3 Ways to Be a Strong International MBA Applicant
Applicants should connect with current students from a similar background, experts say.
The U.S. is a popular destination for those from around the globe who want to pursue higher education, and prospective business school students are helping lead the trend of studying in the U.S.
Fifty-two percent of prospective students for graduate business programs attempted to study outside their country of citizenship, up from 40 percent in 2010, according to the most recent data from the Graduate Management Admission Council. This growth is seen mostly among Asia-Pacific and Middle Eastern citizens, the report states, and the U.S. is the top region of choice.
"Schools want diversity in their programs. You want people from all different places," says Erin Town, director of MBA admissions at University of Washington's Foster School of Business.
With such a strong interest in U.S. MBA programs from overseas candidates, getting into school is often a competitive process for international applicants. Business school admissions experts offered these three tips to help prospective students improve their chances of getting accepted.
1. Connect with current students: Prospective MBA candidates interested in Foster, which typically has between 30 and 35 percent of full-time MBA students who are international, should try to speak with current students from a similar background, says Town.
"If you can talk with someone who's from your home country and get a feel for their experience here, what they like about the program, how they're spending their time," and then mention the conversation in an application, she says, "that really impresses us and shows us they're very interested in Foster."
When 30-year-old Ting Tseng was applying to business school, speaking with students helped her decide which program to attend.
"I talked to several Foster alumni, and they were all very helpful and willing to share," says Tseng, a first-year MBA student at the school who's from Taiwan. "I only spoke to alumni from Taiwan."
Tseng was able to reach people who had attended Foster through referrals and an admissions service she used to help with her graduate school applications. Other prospective students, however, may speak with current students or alumni through school-facilitated meetings.
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"We do live streaming of information sessions hosted many times by students from those regions, talking about their experiences on the campus, the journey to UCLA Anderson, best practices for applying, career opportunities," says Alex Lawrence, assistant dean of MBA admissions at the University of California—Los Angeles' Anderson School of Management.
At Anderson, about 31 percent of full-time MBA students are international, with many coming from India and China, he says.
2. Show passion: MBA programs heavily weigh applicants' GMAT scores and undergraduate GPA, but it's not all about the numbers.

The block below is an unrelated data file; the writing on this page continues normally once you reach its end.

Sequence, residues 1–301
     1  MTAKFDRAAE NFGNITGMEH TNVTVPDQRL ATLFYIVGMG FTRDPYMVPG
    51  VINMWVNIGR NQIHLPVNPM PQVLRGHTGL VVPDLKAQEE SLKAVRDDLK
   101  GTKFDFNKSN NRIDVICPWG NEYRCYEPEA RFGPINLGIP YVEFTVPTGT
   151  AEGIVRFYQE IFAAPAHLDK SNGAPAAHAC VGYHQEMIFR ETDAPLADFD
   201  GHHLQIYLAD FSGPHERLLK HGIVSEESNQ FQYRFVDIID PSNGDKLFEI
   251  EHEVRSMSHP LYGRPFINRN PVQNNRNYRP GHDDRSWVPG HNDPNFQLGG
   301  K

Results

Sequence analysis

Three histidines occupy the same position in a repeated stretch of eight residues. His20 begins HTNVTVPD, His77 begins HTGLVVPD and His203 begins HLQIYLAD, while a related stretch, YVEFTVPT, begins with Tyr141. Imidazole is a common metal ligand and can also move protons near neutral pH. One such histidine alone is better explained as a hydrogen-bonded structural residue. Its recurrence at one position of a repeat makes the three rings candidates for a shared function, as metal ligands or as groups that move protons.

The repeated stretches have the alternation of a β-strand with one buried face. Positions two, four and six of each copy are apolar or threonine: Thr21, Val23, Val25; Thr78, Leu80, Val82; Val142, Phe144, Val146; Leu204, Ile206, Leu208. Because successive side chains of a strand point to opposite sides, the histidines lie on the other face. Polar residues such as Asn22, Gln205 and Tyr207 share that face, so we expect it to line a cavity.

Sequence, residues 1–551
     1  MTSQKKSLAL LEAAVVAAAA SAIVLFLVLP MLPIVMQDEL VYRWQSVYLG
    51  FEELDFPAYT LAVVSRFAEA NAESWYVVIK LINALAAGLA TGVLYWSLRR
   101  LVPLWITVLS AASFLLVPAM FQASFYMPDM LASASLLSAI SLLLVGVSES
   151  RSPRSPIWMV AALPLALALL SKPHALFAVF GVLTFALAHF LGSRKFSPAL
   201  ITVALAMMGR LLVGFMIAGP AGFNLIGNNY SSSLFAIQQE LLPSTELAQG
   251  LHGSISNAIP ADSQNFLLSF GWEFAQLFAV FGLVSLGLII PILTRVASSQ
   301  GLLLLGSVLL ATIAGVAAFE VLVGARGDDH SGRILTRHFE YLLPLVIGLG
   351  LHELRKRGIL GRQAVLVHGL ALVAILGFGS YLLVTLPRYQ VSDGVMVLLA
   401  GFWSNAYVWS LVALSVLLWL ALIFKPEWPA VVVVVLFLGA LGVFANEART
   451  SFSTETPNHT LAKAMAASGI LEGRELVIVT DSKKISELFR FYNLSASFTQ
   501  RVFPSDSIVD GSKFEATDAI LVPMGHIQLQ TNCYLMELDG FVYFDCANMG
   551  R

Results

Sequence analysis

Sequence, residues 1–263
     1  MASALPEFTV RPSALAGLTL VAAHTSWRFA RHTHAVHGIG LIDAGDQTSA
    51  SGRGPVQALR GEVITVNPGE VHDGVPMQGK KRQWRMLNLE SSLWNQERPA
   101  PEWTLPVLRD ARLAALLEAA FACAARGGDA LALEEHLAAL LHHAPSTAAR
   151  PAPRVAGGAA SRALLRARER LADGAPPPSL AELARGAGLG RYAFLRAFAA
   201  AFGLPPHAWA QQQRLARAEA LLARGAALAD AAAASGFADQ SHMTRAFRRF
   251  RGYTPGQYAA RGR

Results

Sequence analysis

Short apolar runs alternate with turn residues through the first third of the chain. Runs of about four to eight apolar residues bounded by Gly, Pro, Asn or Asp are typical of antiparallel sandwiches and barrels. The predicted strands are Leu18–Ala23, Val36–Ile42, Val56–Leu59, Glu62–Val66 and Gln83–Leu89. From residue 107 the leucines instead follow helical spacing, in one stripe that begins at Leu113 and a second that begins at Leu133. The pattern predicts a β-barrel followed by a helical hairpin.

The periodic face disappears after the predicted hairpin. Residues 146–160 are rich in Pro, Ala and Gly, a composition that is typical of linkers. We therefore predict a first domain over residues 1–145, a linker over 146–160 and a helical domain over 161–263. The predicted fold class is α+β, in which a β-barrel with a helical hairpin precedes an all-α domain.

Prospective students should reveal some of their personality when seeking admission, says Rob Weiler, associate dean for full-time MBA programs at Anderson.
"One of the most important things about Anderson is the depth and breadth of our community here, and we like people who've really dug deep and gotten interested in things and can be enthusiastic about talking about those things in the classroom," he says.
"We want it all to be driven by the candidate’s passion, but there are strategic things that one can do if they’re missing certain parts of their application," Weiler says. "For example, some people might be in a job where they don’t get to develop their leadership skills very directly. But if they’re involved in an organization outside of work and they are able to take on a leadership position on the board or something, that can help us better understand their leadership currently and their leadership potential going forward."
3. Strengthen English skills: Many applicants from abroad may not speak English as a first language, making it critical that they sharpen their English reading, writing and speaking skills to succeed as an applicant and an MBA student.
"We recommend that people use every opportunity they can to improve on those English skills," says Megan Waite, associate director of admissions for graduate programs at Washington University in St. Louis' Olin Business School, which had an enrollment of about 35 percent for international students in its last cohort for full-time MBA students.
"They can do things such as speaking groups, Toastmasters, watching English television shows or movies. Essentially anything that allows them to hear or read English, or speak with native speakers is going to help them along the way."
Tseng, from Foster, used a similar approach for honing her English skills as an MBA applicant.
"I joined an English conversation class every week to practice my English speaking ability," she says.
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